‘Possessed’? 8 female inmates hysterical
WERE they possessed or just depressed?
Eight female inmates of the Cebu Provincial Detention and Rehabilitation Center (CPDRC) became hysterical inside their cells yesterday.
Their fellow inmates believed they were “possessed” and jail management called for a priest. The inmates reportedly calmed down at around 6:30 p.m. yesterday, after the priest intervened.
Dr. Christina Giango, CPDRC in-house doctor, said it is not scientifically possible that the inmates were possessed.
She linked their violent behavior to excess carbon dioxide (CO2) in the body or, in Cebuano, “kabuhi.”
Two inmates, who first went into a fit at 3 a.m. yesterday, were made to breathe into paper bags until they calmed down. But they became hysterical again at past 5 p.m. yesterday along with five others. Three more joined the frenzy about an hour later.
Provincial jail consultant Marco Toral said it was the first time that such an incident occurred inside the prison.
He ruled out the possibility that it may have been caused by overcrowding in the facility. He said there are 10 jail cells for female inmates. Each can accommodate 12 detainees.
“Sixteen is not overcrowded,” Toral said, referring to the number of occupants in one cell.
There are over 4,300 inmates at the provincial jail. Around 100 are female.
Toral quoted Giango as saying that the behavior of the affected inmates were triggered by a “depression-induced hormone.”
When in excess, Toral said this hormone triggers the symptoms exhibited by the inmates.
Prison Mayor Lito Granada, in a telephone interview with Cebu Daily News, said it took five male inmates to pin down one hysterical detainee.
“They kept shouting expletives. They would throw whatever they get hold of. We tried to get crosses, images of Mary, and rosaries but they swatted them away,” Granada said in Cebuano.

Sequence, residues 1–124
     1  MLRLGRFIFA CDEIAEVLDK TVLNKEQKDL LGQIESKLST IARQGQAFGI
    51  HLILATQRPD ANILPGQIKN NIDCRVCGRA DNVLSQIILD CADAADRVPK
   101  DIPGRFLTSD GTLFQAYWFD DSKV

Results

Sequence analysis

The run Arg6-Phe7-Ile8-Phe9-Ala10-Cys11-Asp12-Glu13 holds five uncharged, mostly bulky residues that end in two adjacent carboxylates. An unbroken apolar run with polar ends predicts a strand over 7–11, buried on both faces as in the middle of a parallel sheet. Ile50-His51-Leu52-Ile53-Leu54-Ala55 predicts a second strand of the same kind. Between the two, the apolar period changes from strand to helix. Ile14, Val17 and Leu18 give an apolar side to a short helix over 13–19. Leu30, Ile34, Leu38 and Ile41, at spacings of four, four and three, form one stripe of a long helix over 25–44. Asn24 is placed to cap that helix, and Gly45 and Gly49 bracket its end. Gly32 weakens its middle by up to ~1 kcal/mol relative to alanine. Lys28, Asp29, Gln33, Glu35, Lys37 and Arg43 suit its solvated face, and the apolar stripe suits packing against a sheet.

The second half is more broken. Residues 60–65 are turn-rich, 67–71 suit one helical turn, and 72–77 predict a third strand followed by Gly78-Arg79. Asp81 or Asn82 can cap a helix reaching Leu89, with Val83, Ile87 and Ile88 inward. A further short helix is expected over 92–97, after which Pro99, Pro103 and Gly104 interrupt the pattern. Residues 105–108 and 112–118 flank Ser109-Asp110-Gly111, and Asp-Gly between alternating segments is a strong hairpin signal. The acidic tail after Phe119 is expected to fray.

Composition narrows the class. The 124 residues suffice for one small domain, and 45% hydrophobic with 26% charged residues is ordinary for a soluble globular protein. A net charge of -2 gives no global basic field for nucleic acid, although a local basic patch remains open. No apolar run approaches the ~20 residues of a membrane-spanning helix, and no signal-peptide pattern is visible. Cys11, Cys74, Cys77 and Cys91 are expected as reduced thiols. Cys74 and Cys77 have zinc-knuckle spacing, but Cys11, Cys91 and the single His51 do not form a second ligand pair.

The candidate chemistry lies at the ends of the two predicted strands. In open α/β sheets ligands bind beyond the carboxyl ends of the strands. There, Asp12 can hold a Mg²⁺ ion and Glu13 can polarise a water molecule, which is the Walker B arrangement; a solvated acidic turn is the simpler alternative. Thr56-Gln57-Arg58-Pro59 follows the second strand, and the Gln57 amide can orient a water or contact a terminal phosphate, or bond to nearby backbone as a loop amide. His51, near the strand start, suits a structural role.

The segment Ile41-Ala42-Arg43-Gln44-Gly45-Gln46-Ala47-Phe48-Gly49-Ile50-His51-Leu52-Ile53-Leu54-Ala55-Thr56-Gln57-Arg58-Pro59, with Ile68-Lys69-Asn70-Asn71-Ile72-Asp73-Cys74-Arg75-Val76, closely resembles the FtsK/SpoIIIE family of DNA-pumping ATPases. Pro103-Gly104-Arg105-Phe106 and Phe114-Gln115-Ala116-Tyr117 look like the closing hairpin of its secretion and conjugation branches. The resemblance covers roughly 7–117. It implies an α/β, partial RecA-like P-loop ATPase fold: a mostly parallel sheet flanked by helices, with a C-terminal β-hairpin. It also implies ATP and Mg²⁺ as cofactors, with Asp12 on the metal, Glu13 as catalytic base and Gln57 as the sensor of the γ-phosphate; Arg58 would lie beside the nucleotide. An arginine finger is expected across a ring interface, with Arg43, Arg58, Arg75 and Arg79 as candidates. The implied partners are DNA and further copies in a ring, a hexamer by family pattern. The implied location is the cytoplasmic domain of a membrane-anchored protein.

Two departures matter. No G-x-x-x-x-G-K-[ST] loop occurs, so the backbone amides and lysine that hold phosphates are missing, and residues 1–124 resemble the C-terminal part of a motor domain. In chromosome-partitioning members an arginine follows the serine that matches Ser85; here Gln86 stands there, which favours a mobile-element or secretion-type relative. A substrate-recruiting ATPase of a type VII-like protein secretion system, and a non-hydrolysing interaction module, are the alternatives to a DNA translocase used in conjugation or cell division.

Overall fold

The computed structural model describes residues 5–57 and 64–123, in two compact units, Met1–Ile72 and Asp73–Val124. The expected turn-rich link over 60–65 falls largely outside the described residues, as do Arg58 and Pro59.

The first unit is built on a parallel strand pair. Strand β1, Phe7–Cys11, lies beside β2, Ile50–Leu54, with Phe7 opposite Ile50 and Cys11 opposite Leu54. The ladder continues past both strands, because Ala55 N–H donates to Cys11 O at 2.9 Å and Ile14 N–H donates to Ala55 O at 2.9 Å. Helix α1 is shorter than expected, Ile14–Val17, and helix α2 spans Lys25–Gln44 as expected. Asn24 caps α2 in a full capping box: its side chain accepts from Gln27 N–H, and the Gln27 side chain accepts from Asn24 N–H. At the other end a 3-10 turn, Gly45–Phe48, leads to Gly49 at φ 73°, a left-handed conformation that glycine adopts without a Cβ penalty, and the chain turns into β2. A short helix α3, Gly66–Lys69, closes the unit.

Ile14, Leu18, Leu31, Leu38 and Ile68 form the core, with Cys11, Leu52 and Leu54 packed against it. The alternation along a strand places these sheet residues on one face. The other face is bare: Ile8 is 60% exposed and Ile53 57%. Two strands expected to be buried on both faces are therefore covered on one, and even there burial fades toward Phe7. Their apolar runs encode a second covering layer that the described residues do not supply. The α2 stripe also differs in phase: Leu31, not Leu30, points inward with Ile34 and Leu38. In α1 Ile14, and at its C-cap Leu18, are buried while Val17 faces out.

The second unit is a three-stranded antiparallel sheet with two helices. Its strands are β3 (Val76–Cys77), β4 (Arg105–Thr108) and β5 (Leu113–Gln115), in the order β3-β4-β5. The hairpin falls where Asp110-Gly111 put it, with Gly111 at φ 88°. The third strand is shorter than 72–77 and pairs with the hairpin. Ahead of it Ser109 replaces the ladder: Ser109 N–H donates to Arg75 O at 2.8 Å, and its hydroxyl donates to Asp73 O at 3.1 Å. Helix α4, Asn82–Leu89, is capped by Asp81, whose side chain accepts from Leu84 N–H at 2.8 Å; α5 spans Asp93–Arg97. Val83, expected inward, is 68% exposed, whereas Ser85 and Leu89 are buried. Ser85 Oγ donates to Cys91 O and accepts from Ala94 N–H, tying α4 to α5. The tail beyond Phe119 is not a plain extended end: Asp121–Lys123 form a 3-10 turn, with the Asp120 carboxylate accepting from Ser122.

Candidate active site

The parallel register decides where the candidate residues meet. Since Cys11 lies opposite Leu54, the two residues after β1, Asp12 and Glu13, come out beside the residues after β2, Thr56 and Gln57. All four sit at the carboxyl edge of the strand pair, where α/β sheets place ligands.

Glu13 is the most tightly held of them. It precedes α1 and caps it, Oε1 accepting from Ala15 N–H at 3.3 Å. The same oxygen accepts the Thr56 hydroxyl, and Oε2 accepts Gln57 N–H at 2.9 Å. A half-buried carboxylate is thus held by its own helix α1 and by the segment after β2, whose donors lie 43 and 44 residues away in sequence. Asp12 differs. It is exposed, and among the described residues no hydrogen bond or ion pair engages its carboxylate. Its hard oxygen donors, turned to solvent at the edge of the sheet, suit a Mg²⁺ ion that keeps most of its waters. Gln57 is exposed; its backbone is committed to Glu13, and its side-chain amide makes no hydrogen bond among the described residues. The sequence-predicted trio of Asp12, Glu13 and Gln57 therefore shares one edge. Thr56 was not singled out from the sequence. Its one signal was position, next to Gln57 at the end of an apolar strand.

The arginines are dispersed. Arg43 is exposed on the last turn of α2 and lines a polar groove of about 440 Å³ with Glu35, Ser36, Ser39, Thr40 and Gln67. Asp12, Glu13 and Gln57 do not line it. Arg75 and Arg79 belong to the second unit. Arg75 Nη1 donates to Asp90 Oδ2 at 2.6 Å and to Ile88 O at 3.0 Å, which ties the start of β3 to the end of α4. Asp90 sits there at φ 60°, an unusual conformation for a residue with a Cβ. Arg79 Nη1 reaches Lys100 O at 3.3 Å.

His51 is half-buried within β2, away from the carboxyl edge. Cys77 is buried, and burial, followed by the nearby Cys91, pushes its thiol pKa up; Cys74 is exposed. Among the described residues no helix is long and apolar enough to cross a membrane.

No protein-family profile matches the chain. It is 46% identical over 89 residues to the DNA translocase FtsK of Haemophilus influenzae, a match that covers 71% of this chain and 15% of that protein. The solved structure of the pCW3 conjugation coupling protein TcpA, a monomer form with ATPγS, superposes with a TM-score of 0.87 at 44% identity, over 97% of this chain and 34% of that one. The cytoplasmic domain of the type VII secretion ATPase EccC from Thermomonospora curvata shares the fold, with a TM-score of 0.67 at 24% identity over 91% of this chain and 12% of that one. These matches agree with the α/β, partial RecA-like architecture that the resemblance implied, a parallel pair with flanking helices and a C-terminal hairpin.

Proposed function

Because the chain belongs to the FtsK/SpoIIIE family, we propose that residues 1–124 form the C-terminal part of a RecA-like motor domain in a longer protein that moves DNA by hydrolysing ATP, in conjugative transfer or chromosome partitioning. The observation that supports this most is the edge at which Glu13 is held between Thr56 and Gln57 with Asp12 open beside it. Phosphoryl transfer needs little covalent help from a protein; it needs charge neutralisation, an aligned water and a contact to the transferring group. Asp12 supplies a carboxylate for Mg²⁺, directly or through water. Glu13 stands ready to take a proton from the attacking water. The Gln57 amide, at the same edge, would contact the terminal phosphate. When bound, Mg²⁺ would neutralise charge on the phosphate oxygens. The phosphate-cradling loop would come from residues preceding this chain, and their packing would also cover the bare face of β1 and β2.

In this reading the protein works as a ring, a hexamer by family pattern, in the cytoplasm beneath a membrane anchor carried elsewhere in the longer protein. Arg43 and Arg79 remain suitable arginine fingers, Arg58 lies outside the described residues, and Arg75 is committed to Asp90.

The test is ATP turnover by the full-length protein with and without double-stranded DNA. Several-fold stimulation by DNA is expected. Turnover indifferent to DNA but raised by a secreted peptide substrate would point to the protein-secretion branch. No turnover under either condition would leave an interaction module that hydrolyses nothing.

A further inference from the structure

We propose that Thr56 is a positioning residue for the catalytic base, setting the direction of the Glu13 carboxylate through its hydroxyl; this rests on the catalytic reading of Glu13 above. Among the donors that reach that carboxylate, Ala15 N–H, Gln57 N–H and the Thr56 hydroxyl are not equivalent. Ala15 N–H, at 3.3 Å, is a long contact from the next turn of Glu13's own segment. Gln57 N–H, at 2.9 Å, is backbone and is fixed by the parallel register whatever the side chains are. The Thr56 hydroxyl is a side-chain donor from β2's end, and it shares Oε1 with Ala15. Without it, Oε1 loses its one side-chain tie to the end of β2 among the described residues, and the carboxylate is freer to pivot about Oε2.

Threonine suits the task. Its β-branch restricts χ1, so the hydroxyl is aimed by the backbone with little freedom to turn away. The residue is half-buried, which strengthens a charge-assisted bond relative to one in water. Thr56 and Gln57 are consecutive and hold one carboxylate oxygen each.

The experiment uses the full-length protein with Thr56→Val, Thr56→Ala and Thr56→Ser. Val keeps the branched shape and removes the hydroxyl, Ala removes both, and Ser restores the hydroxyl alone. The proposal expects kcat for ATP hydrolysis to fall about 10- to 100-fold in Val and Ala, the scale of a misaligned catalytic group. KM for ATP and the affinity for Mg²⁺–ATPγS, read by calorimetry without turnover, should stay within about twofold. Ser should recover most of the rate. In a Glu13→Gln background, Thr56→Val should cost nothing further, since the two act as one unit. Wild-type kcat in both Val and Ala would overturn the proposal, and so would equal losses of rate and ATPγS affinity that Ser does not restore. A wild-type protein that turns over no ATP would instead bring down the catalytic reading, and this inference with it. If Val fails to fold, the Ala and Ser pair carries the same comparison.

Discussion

“Moingon sila ‘pugngi ko kay naay mokuha namo.’ Demonyo man tingali (They would say, ‘restrain us because somebody is trying to get us.’ It must be a demon),” he said.
The two inmates who first went into a fit were brought in for alleged involvement in illegal drug activities.
One of them has been in jail for one year and three months while the other has only been in jail for two months.
The other six went berserk in the afternoon.
Granada said the inmates do not belong to one cell.
Inmate Renante Barbero, a trustee, said he found the first two female detainees flailing on the ground and screaming when he came to check on them earlier.
“Nagtuo ko nga giatake ra. Pero lahi na man ang purma. Ilang kamot, nangusog. Ilang lawas, nag igwad-igwad ug ilang tingog nag usab-usab. Ang usa mura og lalaki, ang usa mura og mananap,” he told CDN.
(I thought they were only having a heart attack. But they looked different. Their hands were stiff. Their bodies were shaking. Their voices were different. One of them sounded like a man’s, the other one sounded like an animal.)
Barbero, being the keeper of the jail keys, had the opportunity to open the female inmates’ cell to usher in help.
There, he saw how the two detainees acted. According to him, one of the two tried to scratch the others.
“Nanimbawot gyud akong balhibo (I got goosebumps),” he said. Toral received a distress call from the jail’s desk officer at around 4 a.m. and witnessed the frenzy.
“Nakusgan man sila og maayo. Mura og na-ungo ang mata, mura og layo ang tinan-awan, isog kaayo. Nagsiyagit-siyagit sila pero dili masabtan ilang gipangsulti,” he told CDN.
(It seemed like they gained strength. Their eyes looked devilish and they were looking far away. They were shouting something but I couldn’t tell what they were saying.)
“Giampoan sila sa ilang mga kauban. Gibutangan og asin. Gisuotan og rosaryohan pero naputol ra og iyaha,” he said.
(They were prayed over. The others threw salt at them. Rosaries were even placed around their necks but these mysteriously broke.)
Toral said that the two inmates eventually calmed down. They were not transferred to another cell.
At around 6 a.m., they started behaving violently again. Then they fainted.
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